Pirates, Power, and Precedents

Breaking News: Ostia, Italy Autumn 68 BC

Twenty miles from the capital, the port city of Ostia is in flames. Terrorists from Asia Minor have caught Rome by surprise. A Roman fleet is sinking beneath the sea, and two powerful senators have been taken hostage. All of this was orchestrated not by a state-actor like Carthage, or Egypt. Instead, it was an enemy of all humanity: pirates. In the aftermath, Pompey the Great calls for increased executive power to quickly crush this dangerous threat and restore order to the Mediterranean. 

Battle of Cape Ecnomus 256 BC between Rome and Carthage one of the largest naval  battles in history .It was won by Rom… | Ancient warfare, Punic wars, Roman  history
Image of a Roman Naval Defeat

Breaking News: New York, United States September 11th, 2001 AD

As a horrified nation watched on television, the twin towers of the World Trade Center in lower Manhattan collapsed into flaming rubble after two Boeing 767s rammed their upper stories. A third airliner, a Boeing 757, flattened one of the Pentagon’s five sides.” Unlike Pearl Harbor, this atrocity was not committed by an enemy state. Instead, a band of terrorists under the banner of Al Qaeda shocked America and the world. President Bush addresses the grieving nation, vowing “to win the war against terrorism”

September 11: Newspaper headlines from the day after 9/11 attacks
Headline of Los Angeles Times on September 12th 2001

Parallel Problem and Prophesy

Clearly, America’s parallels with Rome go far beyond the Fasces of the Lincoln Memorial and George Washington’s praise as the Western Cincinnatus. America celebrates our link to this ancient republic through our architecture, monuments, and senate. Our founders, like Thomas Jefferson, were students of history. He was inspired by Rome and ancient leaders like Cyrus when laying the foundation of our nation. We must be just as circumspect of the past, and not ignore the Roman Republic’s late history, or we may repeat their mistakes. The bad news is we have already started to.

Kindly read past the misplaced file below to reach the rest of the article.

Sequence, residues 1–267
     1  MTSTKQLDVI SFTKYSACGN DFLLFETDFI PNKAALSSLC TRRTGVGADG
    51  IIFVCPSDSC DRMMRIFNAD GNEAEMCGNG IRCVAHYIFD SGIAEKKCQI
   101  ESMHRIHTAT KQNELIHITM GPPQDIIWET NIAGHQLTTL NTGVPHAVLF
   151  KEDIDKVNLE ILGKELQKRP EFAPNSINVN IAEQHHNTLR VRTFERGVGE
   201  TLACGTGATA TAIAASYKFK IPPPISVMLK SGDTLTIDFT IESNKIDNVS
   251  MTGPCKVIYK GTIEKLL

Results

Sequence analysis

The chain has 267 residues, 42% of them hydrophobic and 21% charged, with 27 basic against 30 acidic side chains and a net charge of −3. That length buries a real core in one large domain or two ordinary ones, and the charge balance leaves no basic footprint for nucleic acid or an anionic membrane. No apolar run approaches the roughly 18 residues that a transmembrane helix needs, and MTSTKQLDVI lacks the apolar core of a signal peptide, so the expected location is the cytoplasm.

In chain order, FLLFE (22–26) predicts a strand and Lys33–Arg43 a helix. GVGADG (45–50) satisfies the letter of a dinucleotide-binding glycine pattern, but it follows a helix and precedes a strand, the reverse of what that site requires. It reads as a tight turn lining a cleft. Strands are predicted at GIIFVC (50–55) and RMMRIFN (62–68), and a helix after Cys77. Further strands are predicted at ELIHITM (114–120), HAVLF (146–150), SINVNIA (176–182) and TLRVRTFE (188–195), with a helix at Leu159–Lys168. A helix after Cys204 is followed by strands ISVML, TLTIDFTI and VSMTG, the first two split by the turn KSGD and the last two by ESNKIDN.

Secret Symbol of the Lincoln Memorial - National Mall and Memorial Parks  (U.S. National Park Service) - Ranger Journal
Image of Lincoln Monument. Fasces stand beneath both of his hands

The Roman Republic’s demise did not start with Caesar crossing the Rubicon. In a major way, it accelerated after Ostia. In the aftermath of the attack, Pompey and his allies convinced the senate to pass the Lex Gabinia. Before this law was passed, Rome had strict rules to restrict the power of military leaders by containing their authority to specific territories and for set periods of time. Under the Lex Gabinia, Pompey would have a massive army and complete authority over the Mediterranean and fifty miles inland for three years. The Greek historian Plurach wrote, “Pompey was to be given not only the supreme naval command but what amounted in fact to an absolute authority and uncontrolled power over everyone”. With this immense power, Pompey squashed the pirate threat in only three months. He used his army to gain immense personal wealth which he invested in maintaining political power. While the pirates were quickly defeated, a dangerous precedent was set. Julius Caesar would go on to gain similar authority for his campaign in Gaul. However, he concluded his expedition by crossing the Rubicon, marching his army on Rome, and starting a brutal civil war that ended the Republic.